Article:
Roy I. Rochon Commentary: The Yakama Guide Who Led the First Rainier Ascent


The historic expedition of Gen. Hazard Stevens and Philemon Beecher Van Trump to climb Mount Rainier in August 1870 has its connections with the Cowlitz country and its people.

They began their expedition on Aug. 8. On Aug. 13, James Longmire, who participated in the early stages of the expedition, and Stevens went down Skate Creek to its junction with the Cowlitz Valley to locate Poniah’s band of Upper Cowlitz Indians from whom he had hoped to obtain a guide. Though the toilsome journey brought them to a deserted camp, their effort was not wasted because of the chance of finding a single family living in a rude shelter nearby while awaiting the ripening of the berries.

It was the lodge of that same Sluiskin, a Yakama Indian, who had fled wounded from the battle of Grand Ronde. Rather than submit to reservation life, he had slipped away to the mountains to live with the Upper Cowlitz, appearing at the camp of Poniah with hawk bells and finery to pass himself off as a chief. A marriage with one of Poniah’s daughters was easily arranged and Sluiskin began the isolated existence in the Upper Cowlitz and Cispus Valleys, which thereafter was his way of life.

He was a friendly fellow, this Sluiskin, welcoming Longmire and Stevens with dignified hospitality. With much handshaking, they were seated beneath the little shelter of hides to be served cakes of dried huckleberries by his wife; then there was talk through the medium of the Chinook jargon. Longmire soon explained the purpose of their visit, obtaining Sluiskin’s service as a guide, with the understanding that he would present himself at their camp the following day. Late in the evening, Longmire and Stevens returned to the camp on Bear Prairie, weary but with good news.

The next day was begun with industrious preparations for the assault on Mount Rainier. The mountaineers sorted equipment and supplies, put spikes in their shoes and fought off the mosquitos and gnats that paid so little attention to their smudge fires. Sluiskin arrived about noon, true to his word.

His entry was impressive; he rode up on an Indian pony with his young son behind him, while his wife followed afoot carrying an infant on her back. He was dressed for the occasion. A blanket, belted at the waist into a loose cloak, partly covered a buckskin shirt and a breechcloth of striped woolen stuff, with buckskin leggings down to his moccasins. But Sluiskin’s headgear was really the distinctive part of his regalia. It was made from an old army forage cap with the small round crown replaced by the perforated brass base which once held the chimney of a coal-oil lamp. Brass nails had been driven through the visor until they projected about an inch below, creating a spiny barrier before his eyes, the whole crested with eagle feathers. Stevens called the effect fierce and martial.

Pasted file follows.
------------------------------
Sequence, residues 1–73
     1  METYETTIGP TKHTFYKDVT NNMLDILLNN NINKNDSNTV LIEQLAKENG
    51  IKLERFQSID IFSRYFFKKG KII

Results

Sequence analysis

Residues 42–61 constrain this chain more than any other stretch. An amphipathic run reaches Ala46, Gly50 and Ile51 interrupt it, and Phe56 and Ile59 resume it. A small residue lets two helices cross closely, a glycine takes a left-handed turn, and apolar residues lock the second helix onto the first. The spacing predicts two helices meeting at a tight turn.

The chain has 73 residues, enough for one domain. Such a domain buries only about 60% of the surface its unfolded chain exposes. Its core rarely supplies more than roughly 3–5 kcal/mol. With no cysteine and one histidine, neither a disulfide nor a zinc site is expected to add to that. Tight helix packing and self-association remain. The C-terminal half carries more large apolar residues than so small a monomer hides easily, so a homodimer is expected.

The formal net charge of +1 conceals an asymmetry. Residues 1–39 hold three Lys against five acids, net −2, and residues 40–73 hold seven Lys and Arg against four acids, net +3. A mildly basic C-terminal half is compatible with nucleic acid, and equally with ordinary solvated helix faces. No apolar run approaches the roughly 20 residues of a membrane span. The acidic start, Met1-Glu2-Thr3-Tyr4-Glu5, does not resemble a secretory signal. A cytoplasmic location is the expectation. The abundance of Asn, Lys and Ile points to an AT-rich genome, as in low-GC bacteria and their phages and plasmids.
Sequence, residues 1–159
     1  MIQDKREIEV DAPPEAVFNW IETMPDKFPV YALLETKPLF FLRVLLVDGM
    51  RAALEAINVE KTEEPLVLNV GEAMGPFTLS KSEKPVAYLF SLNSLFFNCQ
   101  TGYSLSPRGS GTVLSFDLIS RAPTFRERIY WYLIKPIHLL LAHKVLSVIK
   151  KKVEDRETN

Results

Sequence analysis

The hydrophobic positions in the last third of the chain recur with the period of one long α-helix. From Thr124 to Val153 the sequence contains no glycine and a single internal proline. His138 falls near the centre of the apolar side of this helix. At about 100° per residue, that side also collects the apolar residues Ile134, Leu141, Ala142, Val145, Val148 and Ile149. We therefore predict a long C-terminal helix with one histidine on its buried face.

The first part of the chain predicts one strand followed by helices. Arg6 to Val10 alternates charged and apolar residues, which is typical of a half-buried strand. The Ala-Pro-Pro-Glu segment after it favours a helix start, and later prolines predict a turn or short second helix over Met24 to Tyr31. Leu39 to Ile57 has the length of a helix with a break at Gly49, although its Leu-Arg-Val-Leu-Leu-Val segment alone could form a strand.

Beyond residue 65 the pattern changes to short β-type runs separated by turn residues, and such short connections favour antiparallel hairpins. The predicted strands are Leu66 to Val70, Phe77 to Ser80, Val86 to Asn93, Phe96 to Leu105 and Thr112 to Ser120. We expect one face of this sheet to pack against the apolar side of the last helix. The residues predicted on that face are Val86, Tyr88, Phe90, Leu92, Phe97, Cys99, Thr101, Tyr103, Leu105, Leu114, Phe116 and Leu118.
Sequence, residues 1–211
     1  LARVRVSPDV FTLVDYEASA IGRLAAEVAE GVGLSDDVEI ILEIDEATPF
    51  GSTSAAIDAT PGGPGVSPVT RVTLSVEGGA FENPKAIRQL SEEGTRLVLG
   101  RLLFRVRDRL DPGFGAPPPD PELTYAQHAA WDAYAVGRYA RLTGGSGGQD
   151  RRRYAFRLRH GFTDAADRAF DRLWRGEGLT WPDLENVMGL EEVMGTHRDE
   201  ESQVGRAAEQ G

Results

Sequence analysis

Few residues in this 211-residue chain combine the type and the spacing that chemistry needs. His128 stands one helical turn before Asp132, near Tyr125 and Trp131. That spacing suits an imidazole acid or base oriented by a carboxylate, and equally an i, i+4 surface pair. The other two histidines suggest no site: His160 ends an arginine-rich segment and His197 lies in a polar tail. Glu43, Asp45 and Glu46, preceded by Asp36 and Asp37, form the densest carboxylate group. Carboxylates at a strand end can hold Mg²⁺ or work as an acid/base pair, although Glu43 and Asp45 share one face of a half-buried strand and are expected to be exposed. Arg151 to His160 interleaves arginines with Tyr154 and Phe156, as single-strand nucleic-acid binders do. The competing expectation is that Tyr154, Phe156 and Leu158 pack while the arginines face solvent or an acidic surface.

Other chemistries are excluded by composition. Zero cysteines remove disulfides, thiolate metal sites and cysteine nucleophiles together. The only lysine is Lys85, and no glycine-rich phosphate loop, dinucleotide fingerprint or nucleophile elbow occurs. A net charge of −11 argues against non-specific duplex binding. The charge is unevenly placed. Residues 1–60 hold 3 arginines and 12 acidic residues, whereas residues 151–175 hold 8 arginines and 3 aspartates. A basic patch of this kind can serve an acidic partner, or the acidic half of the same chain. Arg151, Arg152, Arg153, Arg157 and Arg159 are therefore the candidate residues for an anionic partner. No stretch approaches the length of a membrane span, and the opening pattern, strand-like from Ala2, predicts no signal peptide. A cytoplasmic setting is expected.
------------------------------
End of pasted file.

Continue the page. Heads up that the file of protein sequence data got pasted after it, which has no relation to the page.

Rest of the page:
The new guide sat himself down to an ample dinner, while Longmire began his homeward journey, for he had completed his leg of the expedition. He took his mules with him and left the climbers with a packhorse for the transportation of their camp gear. Sluiskin’s bargain with the white men called for him to guide them to the base of Mount Rainier for a wage of one dollar per day, with his wife receiving an allowance of rations for looking after the camp and the horse.

Sluiskin was quite sharp and knew it would be to his advantage to prolong the trip — more days, more dollars! So he quickly vetoed Steven’s suggestion that they make the approach by the way of the Nisqually River, insisting in his fluent Chinook jargon, reinforced with pantomime, that the only practicable route lay along the summit of the Tatoosh Range, northeasterly from camp. However, he made it plain that he did not believe they could climb the mountain and he obviously considered the venture highly ridiculous.


Next week: The journey proves too much for one climber, but the others are greeted with unbelievable sights.


Roy I. Rochon Wilson was an elected leader of the Cowlitz Tribe for three decades and is the author of more than 30 books, including several histories of the Cowlitz Tribe. He is a retired ordained Methodist minister and current spiritual leader of the tribe. Wilson lives near Winlock.